New directions and the logic of sex

Posted: December 21, 2010 in Uncategorized
Tags: , , , , , ,

I’m trying to make myself more focused again. I’ve been slacking off too much for too long, and it has to stop. Thankfully, I’m incredibly interested in my project, so it’s not hard to think about. The more I make myself work, the easier it is to do.

I find I’m constantly noticing little things that remind me of my project, which in turn is helping me really define it. I met with Walter Bockting last week (more on him later), and I think he was pretty interested in helping me out, but while we were talking, I saw that I really need to refine my work a bit. I need to know exactly where I’m going, and I need to give it borders and limits.

I started this with the idea of gender identity construction in online communities, and then naturally moved to look at the fringe group (the transgendered) because that would show me the most variety. But as I get more and more involved, I’m finding that my focus is moving from just gender identity. Sometimes, I want to look at the heteronormative binary. Other times, I want to look at gender stereotypes. Identity remains an important step throughout, but I’m not sure it’s exactly what I was originally aiming towards.

The heteronormative binary is a very fancy way of saying “two genders.” Basically, it’s referring to the idea that there are only two genders (male and female) and that being one means NOT being the other. Similarly, it refers to the idea that sexuality is pure, either homo or hetero.

I don’t like binaries, and I’m a big subscriber to the Law of the Excluded Middle. I think that there is more to being a woman than NOT being a man, and vice versa. I also think it is possible to have aspects of both without being in transition from one to the other. And, it’s possible to be neither one, and be perfectly satisfied with that. Similarly, even if we throw in bisexuality to the homo/hetero split, I STILL think there’s more. That’s a matter of simple logic.

Most of us understand logic as being a binary system (bivalent, as the philosophers say): something is either True or it is False. So a truth table with two variables (p and q) has only four possible lines:

  1. pq
  2. TT
  3. TF
  4. FT
  5. FF

But when you get beyond bivalent logic, you get more lines. And what is beyond bivalence? Well, you could have something be neither true nor false; it could be both true AND false. Or it could partially true or partially false. Moving into regular language, it’s not hard to see. But it IS hard to represent in a truth table.

Take something as simple as negation (~p or ‘not p’). In bivalent logic, there are only two lines. If p is true, ~p is false. if p is false, ~p is true. Simple. But when we have four possibilities, there are many more possibilities. We have to decide if ~p means “p is false” or “p is not true” or “p is completely false” or “p is not entirely true” or “p is neither true nor false” or “p isn’t completely true or completely false” etc.

Coming back to sexuality, then, we see a similar explosion. If we add a third gender (let’s call it xemale, and define it as having aspects of BOTH male and female), then sexuality expands quite a bit:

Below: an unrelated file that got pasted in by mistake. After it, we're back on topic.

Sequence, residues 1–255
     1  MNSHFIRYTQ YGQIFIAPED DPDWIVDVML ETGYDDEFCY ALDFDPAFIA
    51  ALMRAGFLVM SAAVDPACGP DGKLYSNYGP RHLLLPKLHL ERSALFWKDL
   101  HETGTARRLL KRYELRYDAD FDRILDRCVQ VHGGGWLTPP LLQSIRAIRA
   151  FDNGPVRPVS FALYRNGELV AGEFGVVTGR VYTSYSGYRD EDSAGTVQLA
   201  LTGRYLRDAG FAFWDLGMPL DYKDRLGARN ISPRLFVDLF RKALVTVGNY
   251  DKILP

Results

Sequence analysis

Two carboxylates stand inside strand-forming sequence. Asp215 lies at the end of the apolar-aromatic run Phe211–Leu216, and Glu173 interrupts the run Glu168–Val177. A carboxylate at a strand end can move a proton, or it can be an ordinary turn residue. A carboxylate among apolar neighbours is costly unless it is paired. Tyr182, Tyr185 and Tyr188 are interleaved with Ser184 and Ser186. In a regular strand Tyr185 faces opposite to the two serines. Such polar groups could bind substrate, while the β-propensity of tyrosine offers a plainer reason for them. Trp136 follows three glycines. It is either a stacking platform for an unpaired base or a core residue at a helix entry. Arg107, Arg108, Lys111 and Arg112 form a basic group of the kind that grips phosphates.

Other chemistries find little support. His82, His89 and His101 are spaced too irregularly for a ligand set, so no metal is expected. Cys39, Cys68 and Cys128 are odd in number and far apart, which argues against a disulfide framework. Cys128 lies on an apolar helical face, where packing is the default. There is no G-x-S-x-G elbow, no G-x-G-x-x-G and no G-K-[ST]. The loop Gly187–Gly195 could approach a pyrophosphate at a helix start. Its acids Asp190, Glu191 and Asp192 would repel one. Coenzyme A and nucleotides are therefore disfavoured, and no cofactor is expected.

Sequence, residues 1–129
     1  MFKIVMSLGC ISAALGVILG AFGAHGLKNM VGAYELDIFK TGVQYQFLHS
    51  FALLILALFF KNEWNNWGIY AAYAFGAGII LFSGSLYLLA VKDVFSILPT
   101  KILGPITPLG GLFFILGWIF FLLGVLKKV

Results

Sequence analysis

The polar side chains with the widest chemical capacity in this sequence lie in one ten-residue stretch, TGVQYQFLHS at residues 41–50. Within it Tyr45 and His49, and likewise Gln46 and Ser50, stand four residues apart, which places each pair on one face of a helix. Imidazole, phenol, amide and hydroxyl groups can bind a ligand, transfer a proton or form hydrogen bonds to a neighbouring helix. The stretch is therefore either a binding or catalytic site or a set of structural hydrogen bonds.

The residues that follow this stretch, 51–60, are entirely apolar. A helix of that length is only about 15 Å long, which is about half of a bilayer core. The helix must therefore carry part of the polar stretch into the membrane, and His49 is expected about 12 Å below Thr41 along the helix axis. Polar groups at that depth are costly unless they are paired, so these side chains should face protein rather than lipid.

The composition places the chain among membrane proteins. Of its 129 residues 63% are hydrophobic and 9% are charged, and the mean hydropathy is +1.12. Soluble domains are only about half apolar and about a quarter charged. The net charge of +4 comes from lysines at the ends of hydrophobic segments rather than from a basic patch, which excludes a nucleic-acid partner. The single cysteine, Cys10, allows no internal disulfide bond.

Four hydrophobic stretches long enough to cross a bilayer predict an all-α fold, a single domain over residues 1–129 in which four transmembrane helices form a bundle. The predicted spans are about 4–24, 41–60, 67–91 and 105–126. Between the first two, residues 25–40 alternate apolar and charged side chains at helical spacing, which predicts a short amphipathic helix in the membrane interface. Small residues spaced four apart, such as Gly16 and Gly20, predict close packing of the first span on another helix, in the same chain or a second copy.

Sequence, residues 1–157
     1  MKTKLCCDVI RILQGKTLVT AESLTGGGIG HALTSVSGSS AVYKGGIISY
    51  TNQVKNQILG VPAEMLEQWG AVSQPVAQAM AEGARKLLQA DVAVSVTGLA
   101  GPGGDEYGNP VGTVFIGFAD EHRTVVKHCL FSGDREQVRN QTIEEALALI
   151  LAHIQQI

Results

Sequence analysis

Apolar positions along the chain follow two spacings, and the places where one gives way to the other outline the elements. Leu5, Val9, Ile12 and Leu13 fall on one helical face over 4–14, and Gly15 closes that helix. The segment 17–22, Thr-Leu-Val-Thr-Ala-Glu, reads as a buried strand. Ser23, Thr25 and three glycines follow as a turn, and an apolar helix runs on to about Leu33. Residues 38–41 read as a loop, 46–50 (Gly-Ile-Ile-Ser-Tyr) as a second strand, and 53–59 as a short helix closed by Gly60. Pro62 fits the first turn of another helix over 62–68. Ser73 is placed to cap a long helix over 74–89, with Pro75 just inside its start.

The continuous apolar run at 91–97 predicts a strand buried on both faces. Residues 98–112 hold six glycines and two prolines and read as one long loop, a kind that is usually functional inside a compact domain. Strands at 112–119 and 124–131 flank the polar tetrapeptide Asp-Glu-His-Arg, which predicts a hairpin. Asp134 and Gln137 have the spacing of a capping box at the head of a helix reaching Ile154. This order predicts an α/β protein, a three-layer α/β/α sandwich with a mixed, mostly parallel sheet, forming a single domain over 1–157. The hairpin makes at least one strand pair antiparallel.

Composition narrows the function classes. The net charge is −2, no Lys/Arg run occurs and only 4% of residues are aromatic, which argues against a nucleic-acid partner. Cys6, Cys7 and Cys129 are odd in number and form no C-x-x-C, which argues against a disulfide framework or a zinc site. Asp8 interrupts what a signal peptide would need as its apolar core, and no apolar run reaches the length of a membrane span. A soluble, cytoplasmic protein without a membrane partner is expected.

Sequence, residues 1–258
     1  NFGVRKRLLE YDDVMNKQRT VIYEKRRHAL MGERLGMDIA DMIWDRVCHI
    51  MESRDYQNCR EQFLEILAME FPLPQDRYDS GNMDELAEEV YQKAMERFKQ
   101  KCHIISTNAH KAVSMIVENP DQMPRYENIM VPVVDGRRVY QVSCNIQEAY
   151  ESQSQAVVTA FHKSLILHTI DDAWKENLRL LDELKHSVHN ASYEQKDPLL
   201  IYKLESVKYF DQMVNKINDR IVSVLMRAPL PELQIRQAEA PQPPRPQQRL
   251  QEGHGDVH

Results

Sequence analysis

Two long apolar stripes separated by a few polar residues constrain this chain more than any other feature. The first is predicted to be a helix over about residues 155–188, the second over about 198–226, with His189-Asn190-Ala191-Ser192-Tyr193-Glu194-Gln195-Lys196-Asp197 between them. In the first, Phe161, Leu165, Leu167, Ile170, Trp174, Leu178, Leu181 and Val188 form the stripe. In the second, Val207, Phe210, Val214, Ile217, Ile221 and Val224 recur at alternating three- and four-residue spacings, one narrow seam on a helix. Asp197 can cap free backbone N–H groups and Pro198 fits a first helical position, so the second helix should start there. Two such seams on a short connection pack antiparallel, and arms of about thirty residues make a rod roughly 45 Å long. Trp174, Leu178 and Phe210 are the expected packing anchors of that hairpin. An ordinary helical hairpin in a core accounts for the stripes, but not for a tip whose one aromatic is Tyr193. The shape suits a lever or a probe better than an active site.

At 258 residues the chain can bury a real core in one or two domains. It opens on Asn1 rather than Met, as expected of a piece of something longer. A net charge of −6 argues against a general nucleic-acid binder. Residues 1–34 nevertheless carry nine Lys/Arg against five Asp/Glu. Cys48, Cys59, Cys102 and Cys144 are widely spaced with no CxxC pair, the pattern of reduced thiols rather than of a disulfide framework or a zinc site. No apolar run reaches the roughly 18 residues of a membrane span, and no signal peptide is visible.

1. MM/FF: homosexuality
  2. MF/FM: Heterosexuality
  3. MX: ?
  4. FX: ?
  5. XX: ?

That’s without even considering people spanning multiple categories. And if we add a Neuter gender (neither male nor female), it gets even bigger:

  1. MM/FF: homosexuality
  2. MF/FM: heterosexuality
  3. MX
  4. FX
  5. XX
  6. MN
  7. FN
  8. XN
  9. NN


It gets pretty daunting pretty quick. But if we accept that there are those two extra genders (and there are probably MORE than two), then we have to wonder how they create identities for themselves. And we have to wonder if there are stereotypical ways for them to act. We know there are some activities or qualities that are called ‘manly’ and some that are ‘womanly,’ but are there any ‘xaley’ or ‘neuter’ activities or qualities?

That brings me to the second question, the idea of whether or not there are even helpful stereotypes. Do men tend to write shorter sentences? Do women use more flowery language? Do xen use a lot of big words? Do neuters tend to avoid discussions of gender? I have no idea; but that’s the kind of thing I want to look at.

And I think working with Walter Bockting will help me do that. When I met Walter, I was amazed at what a fantastic person he is. He is wickedly smart, incredibly nice, and he was able to get behind what I was looking for so fast it almost made my head spin. I shouldn’t really be all that surprised, I suppose. Having read some of his stuff, the guy is kind of a big deal in the field. Just looking at his stuff made me realize that there was a lot out there I didn’t even know I COULD think about.

Some of Bockting’s work is on FtM (female to male) transgendered, and on their sexuality. Many of them, he says, elect NOT to have the complete surgery, and so become male without a penis, men with vaginas. And their partners, if the partner is not also transgendered, tend to accept them AS members of that gender with different parts. It’s amazing, it’s fascinating, and I’m really excited to look more into this.

In the meantime, I’m going through a ‘crash course’ in queer theory, which I will probably post a lot about over the next few weeks. But this connection to logic, even the connections I’ve made in THIS post, just suggest an enormously large and interesting field. I’m very excited.

And “The Logic of Sex” is a great title. I’m going to have to use it some time.

On a side note, I apparently have a subscriber. I’m VERY proud. Hi there, subscriber!


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